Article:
Friday, October 18, 2013

What is this... 'Cour'?

When I watch an anime, I usually don't have anyone to talk to about it. Only a few of my friends watch anime, and they don't watch nearly as much as I do. While watching Attack on Titan over the past few months, I've had the unexpected pleasure of having someone else I know watch it as well. It's been exciting to be able to talk to someone about it, and I've bugged her about "getting caught up" so I can let my inner otaku out and gush about the twists in the story. However, she's not even close to being an "otaku", and so some of the things that are normal in anime strike her as odd. One of these things is the way anime seasons are set up. So, I've decided to lay it out plainly, both for her and anyone else that might be wondering...

So just sit back and pay attention...


To start off, forget everything you think you know about 'seasons'. As an American, I'm inclined to think of a season as a 22-24 episode run of any particular show. But anime doesn't conform to this, or to any logical idea of a 'season'. For instance, the first season of Pokemon is 80 episodes long (82 in Japan), while the second season is only 36 episodes long. The first Fullmetal Alchemist anime was 52 episodes, while Fullmetal Alchemist: Brotherhood was 64 episodes. I could go on, but I think I've proved my point. The point is, anime season lengths are whatever the producers decide they should be.Anime seasons also don't take breaks like normal television seasons do. Anime airs year-round, with the exception of holiday breaks. For instance, Naruto Shippuden airs every week, and has been since 2007. How then do we classify a season of anime? Well, allow me to introduce you to the 'cour'...


According to the internet, a 'cour' consists of 11-13 episodes. This is a much easier way to classify anime, some of which are only 11 episodes long to begin with, such as Ano Hana or Usagi Drop. On most occasions you can tell when one cour ends and the next begins by when the anime changes its OP ("opening song"), but not always. When you have a traditional 22-24 episode season, it's known as a "two-cour season". You also have what is known as a "split-cour season", but to explain that we need to talk about seasons...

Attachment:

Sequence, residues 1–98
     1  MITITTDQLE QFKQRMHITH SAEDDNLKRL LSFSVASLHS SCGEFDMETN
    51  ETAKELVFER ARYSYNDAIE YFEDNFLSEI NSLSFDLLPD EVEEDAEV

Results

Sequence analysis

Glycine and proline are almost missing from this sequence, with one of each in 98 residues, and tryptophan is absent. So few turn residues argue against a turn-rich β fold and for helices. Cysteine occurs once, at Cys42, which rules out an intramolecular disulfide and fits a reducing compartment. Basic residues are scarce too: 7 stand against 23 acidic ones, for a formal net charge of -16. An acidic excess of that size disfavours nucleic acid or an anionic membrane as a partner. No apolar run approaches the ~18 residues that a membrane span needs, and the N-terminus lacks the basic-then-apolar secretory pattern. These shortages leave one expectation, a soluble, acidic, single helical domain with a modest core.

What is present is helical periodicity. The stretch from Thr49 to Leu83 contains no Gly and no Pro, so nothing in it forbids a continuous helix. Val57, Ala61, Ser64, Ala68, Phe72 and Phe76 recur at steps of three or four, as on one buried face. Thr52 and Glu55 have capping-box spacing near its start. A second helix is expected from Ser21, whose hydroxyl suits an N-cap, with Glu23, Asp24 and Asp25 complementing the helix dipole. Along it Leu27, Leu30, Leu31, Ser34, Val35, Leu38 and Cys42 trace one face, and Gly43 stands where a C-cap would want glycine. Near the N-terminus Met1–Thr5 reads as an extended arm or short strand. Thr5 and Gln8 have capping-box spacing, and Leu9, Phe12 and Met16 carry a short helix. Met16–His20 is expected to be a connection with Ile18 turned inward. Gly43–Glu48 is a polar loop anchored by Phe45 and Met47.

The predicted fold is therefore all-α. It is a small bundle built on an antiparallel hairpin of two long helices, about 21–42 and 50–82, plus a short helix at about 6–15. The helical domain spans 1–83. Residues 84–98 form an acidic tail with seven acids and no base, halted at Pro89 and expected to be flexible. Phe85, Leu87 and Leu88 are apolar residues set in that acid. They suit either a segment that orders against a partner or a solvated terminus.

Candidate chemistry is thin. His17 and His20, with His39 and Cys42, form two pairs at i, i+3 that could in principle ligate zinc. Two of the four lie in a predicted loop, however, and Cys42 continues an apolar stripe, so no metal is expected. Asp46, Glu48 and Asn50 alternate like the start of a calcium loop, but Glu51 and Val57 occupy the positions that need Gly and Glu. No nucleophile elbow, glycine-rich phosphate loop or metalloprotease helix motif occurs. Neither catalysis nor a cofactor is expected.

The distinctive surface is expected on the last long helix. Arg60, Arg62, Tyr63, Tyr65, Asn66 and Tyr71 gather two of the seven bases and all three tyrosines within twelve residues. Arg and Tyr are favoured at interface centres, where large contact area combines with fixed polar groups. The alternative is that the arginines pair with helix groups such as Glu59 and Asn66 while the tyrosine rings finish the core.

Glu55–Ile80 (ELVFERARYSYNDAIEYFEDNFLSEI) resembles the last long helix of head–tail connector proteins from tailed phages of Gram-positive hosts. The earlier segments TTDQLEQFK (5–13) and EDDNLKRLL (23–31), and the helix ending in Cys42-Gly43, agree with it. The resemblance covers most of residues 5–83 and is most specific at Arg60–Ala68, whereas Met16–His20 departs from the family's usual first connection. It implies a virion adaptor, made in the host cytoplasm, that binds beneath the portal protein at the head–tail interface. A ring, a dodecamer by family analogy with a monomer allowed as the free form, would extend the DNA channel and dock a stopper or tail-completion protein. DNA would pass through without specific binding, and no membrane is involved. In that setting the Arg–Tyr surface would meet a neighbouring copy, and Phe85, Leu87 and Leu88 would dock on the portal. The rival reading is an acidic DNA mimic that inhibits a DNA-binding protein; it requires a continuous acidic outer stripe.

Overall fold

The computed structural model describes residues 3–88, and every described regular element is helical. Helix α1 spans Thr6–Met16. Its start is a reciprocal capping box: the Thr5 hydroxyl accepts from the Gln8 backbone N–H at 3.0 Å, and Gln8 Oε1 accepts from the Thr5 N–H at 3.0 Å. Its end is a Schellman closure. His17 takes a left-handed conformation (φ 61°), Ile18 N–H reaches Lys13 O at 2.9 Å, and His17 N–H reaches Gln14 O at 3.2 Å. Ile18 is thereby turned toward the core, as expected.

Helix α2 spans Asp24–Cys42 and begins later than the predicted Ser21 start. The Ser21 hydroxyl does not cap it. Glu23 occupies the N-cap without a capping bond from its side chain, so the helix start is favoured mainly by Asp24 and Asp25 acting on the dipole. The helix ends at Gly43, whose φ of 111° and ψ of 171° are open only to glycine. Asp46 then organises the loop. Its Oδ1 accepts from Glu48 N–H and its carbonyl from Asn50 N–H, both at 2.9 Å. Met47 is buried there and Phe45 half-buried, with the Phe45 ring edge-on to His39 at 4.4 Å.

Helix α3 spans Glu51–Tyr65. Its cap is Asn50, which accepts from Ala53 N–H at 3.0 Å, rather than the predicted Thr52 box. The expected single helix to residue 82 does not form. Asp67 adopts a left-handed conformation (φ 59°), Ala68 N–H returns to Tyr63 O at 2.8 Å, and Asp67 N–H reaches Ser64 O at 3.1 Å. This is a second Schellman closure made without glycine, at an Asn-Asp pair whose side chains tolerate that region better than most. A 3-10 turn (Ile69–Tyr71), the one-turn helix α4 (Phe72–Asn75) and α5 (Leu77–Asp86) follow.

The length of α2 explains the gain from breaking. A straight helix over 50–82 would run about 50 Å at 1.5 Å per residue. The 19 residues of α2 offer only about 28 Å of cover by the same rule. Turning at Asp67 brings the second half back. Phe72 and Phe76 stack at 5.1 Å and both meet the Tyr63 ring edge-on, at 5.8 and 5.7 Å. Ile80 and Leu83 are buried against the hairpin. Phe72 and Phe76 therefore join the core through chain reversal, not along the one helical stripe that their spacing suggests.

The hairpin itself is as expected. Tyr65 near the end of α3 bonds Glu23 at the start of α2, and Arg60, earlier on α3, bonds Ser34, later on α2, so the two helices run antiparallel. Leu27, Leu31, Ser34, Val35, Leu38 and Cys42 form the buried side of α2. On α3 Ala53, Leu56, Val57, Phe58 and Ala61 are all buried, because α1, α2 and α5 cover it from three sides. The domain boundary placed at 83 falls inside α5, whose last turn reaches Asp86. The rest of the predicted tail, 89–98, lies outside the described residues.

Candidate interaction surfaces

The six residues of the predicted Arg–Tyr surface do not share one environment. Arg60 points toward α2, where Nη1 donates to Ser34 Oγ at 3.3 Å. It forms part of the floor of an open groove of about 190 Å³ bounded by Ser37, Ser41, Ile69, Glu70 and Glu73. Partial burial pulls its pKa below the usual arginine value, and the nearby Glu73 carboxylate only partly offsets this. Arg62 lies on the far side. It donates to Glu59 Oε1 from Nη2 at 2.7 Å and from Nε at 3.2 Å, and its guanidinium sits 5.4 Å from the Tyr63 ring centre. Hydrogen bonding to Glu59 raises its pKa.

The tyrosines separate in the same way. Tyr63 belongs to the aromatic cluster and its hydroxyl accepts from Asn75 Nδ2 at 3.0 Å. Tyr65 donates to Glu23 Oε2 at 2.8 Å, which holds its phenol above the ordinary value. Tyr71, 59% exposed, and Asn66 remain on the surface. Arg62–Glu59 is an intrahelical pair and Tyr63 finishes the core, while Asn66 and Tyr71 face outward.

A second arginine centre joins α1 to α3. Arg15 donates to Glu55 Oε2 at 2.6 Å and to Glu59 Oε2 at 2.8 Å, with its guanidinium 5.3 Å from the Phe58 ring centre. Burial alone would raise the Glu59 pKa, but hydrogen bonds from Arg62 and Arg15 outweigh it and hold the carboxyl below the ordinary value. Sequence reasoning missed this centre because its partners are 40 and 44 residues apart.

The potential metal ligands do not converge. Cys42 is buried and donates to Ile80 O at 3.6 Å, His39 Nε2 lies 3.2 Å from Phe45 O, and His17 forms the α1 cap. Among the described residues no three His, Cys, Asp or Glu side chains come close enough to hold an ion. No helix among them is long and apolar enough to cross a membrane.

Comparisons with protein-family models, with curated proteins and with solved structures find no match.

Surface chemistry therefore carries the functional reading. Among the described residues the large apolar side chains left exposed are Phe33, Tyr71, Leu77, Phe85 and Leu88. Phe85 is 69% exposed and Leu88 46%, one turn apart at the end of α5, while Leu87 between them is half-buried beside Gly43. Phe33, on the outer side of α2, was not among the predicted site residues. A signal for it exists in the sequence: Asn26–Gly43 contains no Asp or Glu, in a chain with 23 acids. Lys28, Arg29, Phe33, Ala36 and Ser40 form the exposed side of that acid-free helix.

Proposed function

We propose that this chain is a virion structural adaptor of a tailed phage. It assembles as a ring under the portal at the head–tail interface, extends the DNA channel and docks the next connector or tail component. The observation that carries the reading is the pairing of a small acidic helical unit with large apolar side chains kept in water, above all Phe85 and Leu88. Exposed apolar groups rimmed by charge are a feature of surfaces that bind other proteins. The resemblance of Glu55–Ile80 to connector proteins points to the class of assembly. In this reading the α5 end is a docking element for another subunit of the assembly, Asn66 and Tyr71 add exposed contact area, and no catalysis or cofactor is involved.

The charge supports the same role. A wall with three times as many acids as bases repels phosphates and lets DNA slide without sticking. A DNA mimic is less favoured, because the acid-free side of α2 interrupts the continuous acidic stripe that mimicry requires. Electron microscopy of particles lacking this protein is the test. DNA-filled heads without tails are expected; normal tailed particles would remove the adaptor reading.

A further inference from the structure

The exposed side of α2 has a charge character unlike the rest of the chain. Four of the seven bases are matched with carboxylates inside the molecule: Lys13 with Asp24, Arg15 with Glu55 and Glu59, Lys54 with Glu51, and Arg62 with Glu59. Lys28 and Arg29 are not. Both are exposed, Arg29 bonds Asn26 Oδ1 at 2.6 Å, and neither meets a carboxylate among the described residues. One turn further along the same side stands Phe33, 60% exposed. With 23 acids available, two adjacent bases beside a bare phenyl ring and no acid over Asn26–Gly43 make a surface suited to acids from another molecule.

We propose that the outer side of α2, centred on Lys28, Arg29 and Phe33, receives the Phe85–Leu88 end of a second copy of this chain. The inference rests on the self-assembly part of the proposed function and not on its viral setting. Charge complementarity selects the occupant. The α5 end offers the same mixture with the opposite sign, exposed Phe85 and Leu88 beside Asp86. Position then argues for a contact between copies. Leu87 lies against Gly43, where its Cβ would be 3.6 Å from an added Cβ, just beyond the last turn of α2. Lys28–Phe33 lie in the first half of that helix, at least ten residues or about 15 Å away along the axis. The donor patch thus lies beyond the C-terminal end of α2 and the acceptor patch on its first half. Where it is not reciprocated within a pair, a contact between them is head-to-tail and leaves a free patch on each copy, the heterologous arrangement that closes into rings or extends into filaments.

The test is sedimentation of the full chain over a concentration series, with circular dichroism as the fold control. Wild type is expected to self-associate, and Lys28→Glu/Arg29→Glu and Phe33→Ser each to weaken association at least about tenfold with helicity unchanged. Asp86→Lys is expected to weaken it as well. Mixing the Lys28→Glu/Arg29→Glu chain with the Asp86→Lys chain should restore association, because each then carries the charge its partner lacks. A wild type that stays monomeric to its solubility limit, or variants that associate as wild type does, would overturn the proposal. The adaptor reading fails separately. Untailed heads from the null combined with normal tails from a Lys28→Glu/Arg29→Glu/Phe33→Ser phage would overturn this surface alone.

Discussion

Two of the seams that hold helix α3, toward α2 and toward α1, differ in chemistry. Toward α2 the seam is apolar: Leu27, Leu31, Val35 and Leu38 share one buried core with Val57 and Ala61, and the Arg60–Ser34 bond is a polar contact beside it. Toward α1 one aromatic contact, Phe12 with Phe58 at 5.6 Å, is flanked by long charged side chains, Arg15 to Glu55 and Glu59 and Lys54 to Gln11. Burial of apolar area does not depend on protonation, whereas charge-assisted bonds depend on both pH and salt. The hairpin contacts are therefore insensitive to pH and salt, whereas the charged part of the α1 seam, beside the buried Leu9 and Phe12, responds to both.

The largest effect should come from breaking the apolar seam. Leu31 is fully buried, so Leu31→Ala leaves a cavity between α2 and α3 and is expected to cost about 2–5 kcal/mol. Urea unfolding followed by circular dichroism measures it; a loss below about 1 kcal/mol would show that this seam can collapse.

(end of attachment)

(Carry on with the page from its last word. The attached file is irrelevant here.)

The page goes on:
Wait... Seasons?


"Seasons? Again?" Nope, different type of season. This time we're talking about seasons of the year: spring, summer, fall, and winter. There are four anime seasons in the year; put simply: 52 weeks in the year, 13 weeks per quarter (season), 11-13 episodes per cour = 1 cour per season.

So many numbers...

A "two-cour" anime could air over the winter and spring anime season. A "split-cour" anime could air the first cour in the winter anime season and the second cour in the summer anime season.


"Goon, you said that anime cours are 11-13 episodes long, right? Well the 64 episodes of Fullmetal Alchemist: Brotherhood doesn't divide into 11, 12, or 13. How does that make sense?" Remember when I said that seasons are whatever the producers decide they should be? Well most recent anime do conform to the cour system, but sometimes they don't. This is why anime seasons are so confusing... but also why they are so good.


Anime is more concerned with telling a story than fitting into accepted season norms. While there are whole seasons of "filler" (that's looking at you Bleach and Naruto), most anime worry more about telling the story rather than stretching or cramming to fit into a season. This is why FMA:B is 64 episodes, because they didn't throw any pointless filler in or try to cram it into four cours. They told the story no matter how long it took. Of course, not all anime is like this, but I find that most of the best ones are.

So there you have it! Another of my explanations of how anime, manga, and otaku life works, as taken from over a dozen anime forums, sources from the internet, and personal experience.

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